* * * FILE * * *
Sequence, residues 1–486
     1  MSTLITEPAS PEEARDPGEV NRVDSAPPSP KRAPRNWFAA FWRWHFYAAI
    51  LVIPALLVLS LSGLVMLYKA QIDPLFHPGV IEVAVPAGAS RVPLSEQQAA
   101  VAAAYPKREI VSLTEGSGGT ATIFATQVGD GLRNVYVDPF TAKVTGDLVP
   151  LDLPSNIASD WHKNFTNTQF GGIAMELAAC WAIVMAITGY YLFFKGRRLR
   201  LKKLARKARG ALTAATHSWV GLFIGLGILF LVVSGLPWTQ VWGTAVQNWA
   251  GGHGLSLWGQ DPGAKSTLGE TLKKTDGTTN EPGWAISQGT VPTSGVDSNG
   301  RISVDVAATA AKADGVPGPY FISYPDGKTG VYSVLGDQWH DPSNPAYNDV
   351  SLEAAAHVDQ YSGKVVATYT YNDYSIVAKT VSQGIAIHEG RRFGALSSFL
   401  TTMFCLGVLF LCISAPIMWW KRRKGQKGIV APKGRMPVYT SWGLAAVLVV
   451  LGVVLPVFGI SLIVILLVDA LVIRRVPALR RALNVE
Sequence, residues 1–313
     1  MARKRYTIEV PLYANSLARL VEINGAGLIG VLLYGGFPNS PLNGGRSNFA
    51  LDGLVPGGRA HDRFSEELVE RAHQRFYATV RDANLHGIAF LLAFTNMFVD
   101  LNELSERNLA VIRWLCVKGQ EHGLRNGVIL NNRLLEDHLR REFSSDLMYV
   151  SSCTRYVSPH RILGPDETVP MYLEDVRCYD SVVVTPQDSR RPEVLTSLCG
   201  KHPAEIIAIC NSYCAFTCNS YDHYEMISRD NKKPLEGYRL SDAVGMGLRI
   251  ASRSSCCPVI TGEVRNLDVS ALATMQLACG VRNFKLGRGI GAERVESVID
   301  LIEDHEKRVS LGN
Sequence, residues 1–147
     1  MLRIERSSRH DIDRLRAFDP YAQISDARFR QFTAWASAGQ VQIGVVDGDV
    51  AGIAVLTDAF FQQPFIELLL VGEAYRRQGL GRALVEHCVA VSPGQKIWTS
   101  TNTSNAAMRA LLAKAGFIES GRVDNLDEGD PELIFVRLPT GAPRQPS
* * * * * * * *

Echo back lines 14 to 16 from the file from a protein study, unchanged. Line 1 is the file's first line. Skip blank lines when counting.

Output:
    51  LDGLVPGGRA HDRFSEELVE RAHQRFYATV RDANLHGIAF LLAFTNMFVD
   101  LNELSERNLA VIRWLCVKGQ EHGLRNGVIL NNRLLEDHLR REFSSDLMYV
   151  SSCTRYVSPH RILGPDETVP MYLEDVRCYD SVVVTPQDSR RPEVLTSLCG